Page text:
Stand up for the facts!
Our only agenda is to publish the truth so you can be an informed participant in democracy.
We need your help.
I would like to contribute
If Your Time is short
Tennessee legislation that takes effect in January 2023 imposes restrictions on the dispensing of abortion-inducing pills. It doesn’t address or ban emergency contraceptives like Plan B.
The $50,000 fine is for doctors or anyone who provides abortion medication by mail. There is no criminal penalty for patients.
If the Supreme Court votes to overturn Roe v. Wade, as a leaked draft majority opinion indicates it might, access to abortion would vary across states due to differing policies. Advocates of abortion rights are expressing concern that some states’ efforts will go further to curtail contraceptive use.
But has Tennessee already outright banned the emergency contraceptive known as Plan B?
Short answer, no.
But that’s what many people were left wondering after claims started circulating online that said the state recently outlawed emergency contraceptives and will now fine people who try to get the medication.
"Tennessee just banned Plan B and made it a crime punishable by a $50,000 fine to order it," read a tweet from Pam Keith, CEO at the Center for Employment Justice and 2020 Democratic nominee for Florida’s 18th Congressional District. (Keith lost to Republican Rep. Brian Mast.)
Tennessee did recently pass a law that restricts access to certain medications, but it did not involve Plan B. Known as the morning-after pill, Plan B is emergency contraception used to prevent pregnancy — not induce abortions — after unprotected sex or when a birth control method has failed. The medication is available over-the-counter and does not require a prescription.
The legislation at the center of this claim, though, imposes strict restrictions on the dispensing of abortion pills. Signed by Republican Gov. Bill Lee on May 5, it doesn’t address or ban emergency contraceptives.
The law includes a $50,000 penalty for doctors or anyone who dispenses abortion pills by mail. There is no criminal penalty for patients.
PolitiFact reached out to Keith for comment through her company’s website but did not hear back. However, on May 9, Keith tweeted that she made a mistake and deleted her original tweet.
"Hey all. I tweeted something about a change in Tennessee law criminalizing a component of women’s health care that I understood to be similar to the proposed bans in Louisiana and Missouri. I have taken it down," Keith wrote.
Abortion pills refer to the medication option for abortion, usually taken in about the first 11 weeks of pregnancy. It involves a combination of two medicines — mifepristone and misoprostol — that are typically taken around 24 hours apart. Mifepristone blocks progesterone, the hormone needed to maintain a pregnancy, and misoprostol makes the uterus contract to complete the abortion.
The Tennessee Abortion-Inducing Drug Risk Protocol Act goes into effect Jan. 1, 2023.
The legislation states that qualified medical clinicians are required to be physically present when abortion pills are given to patients. To lawfully receive abortion pills, a patient must visit a doctor, give consent, and then return to pick up the medication. Delivery of abortion pills by mail is prohibited.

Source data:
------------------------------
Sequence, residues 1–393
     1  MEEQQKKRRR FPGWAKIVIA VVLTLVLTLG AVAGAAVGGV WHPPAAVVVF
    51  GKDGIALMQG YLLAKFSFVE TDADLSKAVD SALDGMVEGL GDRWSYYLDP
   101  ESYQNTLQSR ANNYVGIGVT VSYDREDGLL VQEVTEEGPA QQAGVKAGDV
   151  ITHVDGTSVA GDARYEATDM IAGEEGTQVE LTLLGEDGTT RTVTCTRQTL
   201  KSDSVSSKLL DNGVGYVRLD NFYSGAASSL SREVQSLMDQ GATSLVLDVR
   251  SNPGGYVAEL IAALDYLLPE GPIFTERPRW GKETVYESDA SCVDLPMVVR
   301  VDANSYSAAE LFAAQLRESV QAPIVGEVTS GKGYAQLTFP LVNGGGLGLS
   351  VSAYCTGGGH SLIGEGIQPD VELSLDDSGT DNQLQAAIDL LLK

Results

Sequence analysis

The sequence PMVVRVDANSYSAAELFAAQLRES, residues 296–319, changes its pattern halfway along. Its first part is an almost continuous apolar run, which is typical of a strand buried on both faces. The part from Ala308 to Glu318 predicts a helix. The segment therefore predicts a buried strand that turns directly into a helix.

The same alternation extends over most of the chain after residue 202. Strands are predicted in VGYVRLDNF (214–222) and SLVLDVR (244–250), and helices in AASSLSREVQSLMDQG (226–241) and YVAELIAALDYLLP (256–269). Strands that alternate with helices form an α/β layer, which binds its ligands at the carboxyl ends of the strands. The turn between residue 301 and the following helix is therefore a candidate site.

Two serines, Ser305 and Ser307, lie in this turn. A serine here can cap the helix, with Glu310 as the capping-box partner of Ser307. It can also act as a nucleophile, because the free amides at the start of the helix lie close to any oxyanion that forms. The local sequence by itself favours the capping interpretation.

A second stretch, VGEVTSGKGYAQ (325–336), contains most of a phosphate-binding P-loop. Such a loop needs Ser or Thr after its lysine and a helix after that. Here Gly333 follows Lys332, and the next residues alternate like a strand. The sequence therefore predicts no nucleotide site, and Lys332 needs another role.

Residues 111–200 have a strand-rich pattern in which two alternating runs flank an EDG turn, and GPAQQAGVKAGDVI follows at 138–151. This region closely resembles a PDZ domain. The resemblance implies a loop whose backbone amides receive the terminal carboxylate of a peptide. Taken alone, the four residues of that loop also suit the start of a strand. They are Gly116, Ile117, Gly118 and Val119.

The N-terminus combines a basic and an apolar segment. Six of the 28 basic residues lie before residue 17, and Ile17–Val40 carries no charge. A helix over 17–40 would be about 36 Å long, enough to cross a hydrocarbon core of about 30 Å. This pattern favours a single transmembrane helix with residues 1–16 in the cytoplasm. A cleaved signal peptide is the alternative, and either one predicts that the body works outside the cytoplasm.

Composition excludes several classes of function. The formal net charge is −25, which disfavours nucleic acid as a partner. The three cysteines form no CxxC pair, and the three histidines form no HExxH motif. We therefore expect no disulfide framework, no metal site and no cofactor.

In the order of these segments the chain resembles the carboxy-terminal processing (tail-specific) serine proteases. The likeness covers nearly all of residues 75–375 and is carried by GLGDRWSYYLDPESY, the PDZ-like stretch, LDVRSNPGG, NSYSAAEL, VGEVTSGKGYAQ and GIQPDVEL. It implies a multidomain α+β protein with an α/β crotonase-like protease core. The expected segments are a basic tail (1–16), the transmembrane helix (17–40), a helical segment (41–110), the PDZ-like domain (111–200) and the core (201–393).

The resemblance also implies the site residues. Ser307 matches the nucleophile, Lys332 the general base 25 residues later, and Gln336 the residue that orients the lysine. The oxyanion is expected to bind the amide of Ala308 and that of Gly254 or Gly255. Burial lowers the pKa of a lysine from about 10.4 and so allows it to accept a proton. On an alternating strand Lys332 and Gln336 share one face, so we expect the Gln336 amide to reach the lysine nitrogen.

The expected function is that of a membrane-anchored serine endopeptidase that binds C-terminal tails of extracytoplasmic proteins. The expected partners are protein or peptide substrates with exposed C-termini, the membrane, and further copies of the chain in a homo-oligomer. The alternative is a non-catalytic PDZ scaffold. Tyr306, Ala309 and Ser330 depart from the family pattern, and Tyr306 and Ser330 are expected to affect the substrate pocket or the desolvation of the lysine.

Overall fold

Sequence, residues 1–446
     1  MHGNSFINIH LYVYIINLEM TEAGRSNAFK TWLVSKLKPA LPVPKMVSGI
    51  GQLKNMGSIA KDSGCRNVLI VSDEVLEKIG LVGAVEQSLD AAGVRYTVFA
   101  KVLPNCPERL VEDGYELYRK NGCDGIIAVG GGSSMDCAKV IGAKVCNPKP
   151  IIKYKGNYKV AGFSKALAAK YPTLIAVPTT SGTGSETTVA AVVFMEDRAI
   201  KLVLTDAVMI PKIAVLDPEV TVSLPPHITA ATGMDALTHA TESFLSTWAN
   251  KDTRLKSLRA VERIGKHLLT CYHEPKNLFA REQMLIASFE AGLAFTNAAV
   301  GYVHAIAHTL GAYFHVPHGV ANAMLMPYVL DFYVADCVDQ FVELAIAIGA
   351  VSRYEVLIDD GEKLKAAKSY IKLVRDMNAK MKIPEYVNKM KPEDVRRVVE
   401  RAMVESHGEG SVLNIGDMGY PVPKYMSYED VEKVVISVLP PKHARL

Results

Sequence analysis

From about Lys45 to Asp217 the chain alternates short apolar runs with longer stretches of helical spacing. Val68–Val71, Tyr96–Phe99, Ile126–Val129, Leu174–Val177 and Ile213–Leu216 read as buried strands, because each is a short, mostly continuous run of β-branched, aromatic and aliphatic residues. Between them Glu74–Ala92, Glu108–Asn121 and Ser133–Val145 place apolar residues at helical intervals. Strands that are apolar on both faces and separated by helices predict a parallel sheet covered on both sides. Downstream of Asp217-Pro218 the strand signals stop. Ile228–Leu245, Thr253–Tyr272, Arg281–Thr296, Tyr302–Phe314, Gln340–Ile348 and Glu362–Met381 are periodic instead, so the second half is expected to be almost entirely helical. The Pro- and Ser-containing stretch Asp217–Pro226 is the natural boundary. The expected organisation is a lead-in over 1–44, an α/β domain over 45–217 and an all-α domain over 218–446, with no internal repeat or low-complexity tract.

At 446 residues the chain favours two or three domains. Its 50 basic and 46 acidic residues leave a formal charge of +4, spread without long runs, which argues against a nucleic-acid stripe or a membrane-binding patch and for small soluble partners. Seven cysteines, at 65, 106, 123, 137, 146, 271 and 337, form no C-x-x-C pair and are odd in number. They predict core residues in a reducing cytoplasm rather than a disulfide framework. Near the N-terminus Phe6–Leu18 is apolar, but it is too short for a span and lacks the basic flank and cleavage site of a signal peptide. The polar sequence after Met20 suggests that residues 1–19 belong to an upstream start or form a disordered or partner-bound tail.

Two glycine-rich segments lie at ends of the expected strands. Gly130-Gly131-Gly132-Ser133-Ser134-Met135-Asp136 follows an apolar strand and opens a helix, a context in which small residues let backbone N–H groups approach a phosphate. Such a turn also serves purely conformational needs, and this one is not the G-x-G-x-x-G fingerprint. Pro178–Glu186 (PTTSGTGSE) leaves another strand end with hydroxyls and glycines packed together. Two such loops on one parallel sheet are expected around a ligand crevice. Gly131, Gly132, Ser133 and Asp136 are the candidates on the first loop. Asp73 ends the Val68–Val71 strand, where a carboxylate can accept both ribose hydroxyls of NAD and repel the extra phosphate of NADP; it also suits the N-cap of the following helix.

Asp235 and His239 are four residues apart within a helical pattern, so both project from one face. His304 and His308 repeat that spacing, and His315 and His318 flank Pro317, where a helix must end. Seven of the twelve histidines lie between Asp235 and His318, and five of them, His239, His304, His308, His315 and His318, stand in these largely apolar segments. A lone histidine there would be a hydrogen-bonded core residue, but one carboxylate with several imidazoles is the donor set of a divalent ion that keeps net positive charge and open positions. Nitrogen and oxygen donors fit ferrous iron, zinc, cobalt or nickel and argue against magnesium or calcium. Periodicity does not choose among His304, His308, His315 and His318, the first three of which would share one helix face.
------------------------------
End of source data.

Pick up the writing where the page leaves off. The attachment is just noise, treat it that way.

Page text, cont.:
According to the measure, the drugs can only be dispensed by qualified physicians, a category that does not include pharmacists.
The legislation explicitly states that this applies to abortion-inducing drugs.
"This is not what this bill is doing," said Akram Faizer, associate professor of law at Lincoln Memorial University in Harrogate, Tennessee. "Anything that can be treated as contraceptive would not be affected by this legislation."
Legal experts say it’s not yet known whether states like Tennessee can restrict access to abortion pills in the wake of the FDA's 2021 decision to allow mail-delivery of the medication nationwide.
It would likely come down to what happens with Roe v. Wade. If the draft Supreme Court ruling overturning the legislation is finalized, states could set laws about how and when to allow abortions — including restrictions on abortion pills.
"State governments shouldn’t have jurisdiction over the mailing of things, that’s typically within federal jurisdiction," Faizer said. "But if the federal government loses its jurisdiction to enforce abortion rights, that’s where things might change."
Keith claimed on Twitter that Tennessee banned the Plan B emergency contraceptive and made it a crime punishable by a $50,000 fine to order it.
The legislation imposes restrictions on the dispensing of abortion pills, but it doesn’t ban emergency contraceptives like Plan B.
The $50,000 fine, meanwhile, is for anyone who provides abortion pills by mail. The measure exempts patients from criminal penalties.
We rate this claim False.
Twitter, post by Pam Keith, May 8, 2022
The Tennessean, Tennessee Gov. Bill Lee signs law adding criminal penalties to abortion pill distribution via mail, May 6, 2022
PBS.org, Tennessee governor signs bill strictly regulating medication abortions, May 6, 2022
Tennessee General Assembly, Tennessee Abortion-Inducing Drug Risk Protocol Act, Accessed May 9, 2022 ‘
Mayo Clinic, Morning-after pill, Accessed May 9, 2022
New York Times, F.D.A. Will Permanently Allow Abortion Pills by Mail, Dec. 16, 2021
Phone interview, Akram Faizer associate professor of law at Lincoln Memorial University, May 9, 2022
Read About Our Process
In a world of wild talk and fake news, help us stand up for the facts.